First lady, sport groups unite to reach children

First lady Michelle Obama speaks at a news conference announcing that her "Let's Move!" initiative is working with the U.S. Olympic Committee and other organizations to help combat childhood obesity.

DALLAS — Michelle Obama remembers sitting in front of her television many years ago and watching Mary Lou Retton, Nadia Comaneci and Carl Lewis as they competed in the Summer Olympics.


“Like so many others,” she said, “I was awed and inspired by those athletes.”

Obama admitted that she was still in awe Monday, when she took the stage with about two dozen Olympic and Paralympic athletes to announce a plan to get more than 1.7 million children involved in sports through her “Let’s Move!” initiative to combat childhood obesity.

The first lady is in partnership with the U.S. Olympic Committee, the Partnership for a Healthier America, U.S. Paralympics and numerous national governing bodies that have pledged their time and resources toward introducing young people to their sports over the course of the summer.

“When we first met with these organizations, we challenged them to commit to helping 1 million kids get active in their communities. That was our first target, and we thought that was ambitious,” said Obama, who will also be leading the U.S. delegation to the London Games.

“They not only met that goal,” she said, “they added another 700,000 to that commitment.”

USA Cycling is offering free memberships and clinics nationwide, while USA Field Hockey is launching a clinic at 250 locations reaching 15,000 kids.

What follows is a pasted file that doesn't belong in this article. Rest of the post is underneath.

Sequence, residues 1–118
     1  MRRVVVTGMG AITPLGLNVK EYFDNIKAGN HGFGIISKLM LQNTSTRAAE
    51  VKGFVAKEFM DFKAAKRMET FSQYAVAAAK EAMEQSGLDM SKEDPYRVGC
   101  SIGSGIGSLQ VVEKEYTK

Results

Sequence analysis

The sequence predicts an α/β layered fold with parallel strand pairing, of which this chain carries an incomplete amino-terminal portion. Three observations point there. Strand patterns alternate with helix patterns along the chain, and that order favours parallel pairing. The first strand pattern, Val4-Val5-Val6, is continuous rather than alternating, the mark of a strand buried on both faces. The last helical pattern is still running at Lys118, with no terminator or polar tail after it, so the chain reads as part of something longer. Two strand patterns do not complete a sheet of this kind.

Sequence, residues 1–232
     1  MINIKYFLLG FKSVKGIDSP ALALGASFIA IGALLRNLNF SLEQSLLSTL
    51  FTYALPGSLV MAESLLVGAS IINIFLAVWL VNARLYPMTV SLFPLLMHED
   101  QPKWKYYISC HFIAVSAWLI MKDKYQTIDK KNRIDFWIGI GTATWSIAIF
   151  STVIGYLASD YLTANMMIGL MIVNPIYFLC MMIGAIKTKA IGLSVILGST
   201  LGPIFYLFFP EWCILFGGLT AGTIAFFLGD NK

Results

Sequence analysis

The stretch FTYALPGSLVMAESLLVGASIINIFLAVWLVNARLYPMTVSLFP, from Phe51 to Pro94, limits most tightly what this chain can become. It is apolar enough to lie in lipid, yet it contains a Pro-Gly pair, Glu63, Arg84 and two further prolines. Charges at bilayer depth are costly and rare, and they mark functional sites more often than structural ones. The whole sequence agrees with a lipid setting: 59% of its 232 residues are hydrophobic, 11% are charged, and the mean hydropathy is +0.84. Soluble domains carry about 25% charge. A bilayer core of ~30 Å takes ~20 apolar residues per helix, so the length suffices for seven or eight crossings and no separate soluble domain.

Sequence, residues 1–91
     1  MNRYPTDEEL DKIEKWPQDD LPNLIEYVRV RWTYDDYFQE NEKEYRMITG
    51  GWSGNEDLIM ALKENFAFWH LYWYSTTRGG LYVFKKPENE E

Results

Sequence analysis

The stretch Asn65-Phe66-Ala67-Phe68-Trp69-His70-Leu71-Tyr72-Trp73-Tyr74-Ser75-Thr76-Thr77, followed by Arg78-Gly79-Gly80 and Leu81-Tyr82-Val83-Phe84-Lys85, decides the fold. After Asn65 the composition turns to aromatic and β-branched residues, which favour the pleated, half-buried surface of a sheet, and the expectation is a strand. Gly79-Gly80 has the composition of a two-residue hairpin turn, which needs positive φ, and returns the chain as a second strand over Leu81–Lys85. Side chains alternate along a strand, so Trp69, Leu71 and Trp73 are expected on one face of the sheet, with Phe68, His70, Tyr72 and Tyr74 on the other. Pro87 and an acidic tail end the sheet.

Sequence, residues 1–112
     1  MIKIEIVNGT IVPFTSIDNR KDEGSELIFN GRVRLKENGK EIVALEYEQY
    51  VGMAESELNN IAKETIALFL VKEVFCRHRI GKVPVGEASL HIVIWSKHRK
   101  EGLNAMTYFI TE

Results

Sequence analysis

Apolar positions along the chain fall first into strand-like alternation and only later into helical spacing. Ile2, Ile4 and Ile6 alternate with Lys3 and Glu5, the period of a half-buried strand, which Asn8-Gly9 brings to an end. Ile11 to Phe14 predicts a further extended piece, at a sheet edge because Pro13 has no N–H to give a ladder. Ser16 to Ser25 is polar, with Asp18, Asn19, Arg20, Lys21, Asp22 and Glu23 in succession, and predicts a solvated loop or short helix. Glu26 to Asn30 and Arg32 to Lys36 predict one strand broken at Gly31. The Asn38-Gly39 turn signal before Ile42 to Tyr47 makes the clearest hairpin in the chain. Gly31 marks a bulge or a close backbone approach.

USA Gymnastics plans to reach 40,000 additional children, the U.S. Soccer Federation will engage 12,000 youth in after-school programs, USA Track & Field is expanding its youth program by 35 percent and the U.S. Tennis Association plans to reach 750,000 new kids this year. USA Swimming hopes to enroll 530,000 new learn-to-swim participants in its “Make a Splash” program and engage 70,000 new youth members through local chapters.

“The ‘Let’s Move!’ campaign is amazing, and it’s something I believe in,” said three-time Olympic gold medalist Natalie Coughlin, who introduced the first lady Monday. “It’s about getting out there and being active and not being sedentary.”

The U.S. Olympians Association recently began a “Walk to London” program during which 5,456 children will walk a total of 5,456 miles– the distance from Los Angeles to London.

USA Volleyball and USA Basketball are also involved in the initiative.

“Many of these kids will be playing sports for the very first time, and that is so important, because sometimes – as all of you know – all it takes is that first lesson, or that first class, to get a child interested in a new sport,” Obama said.


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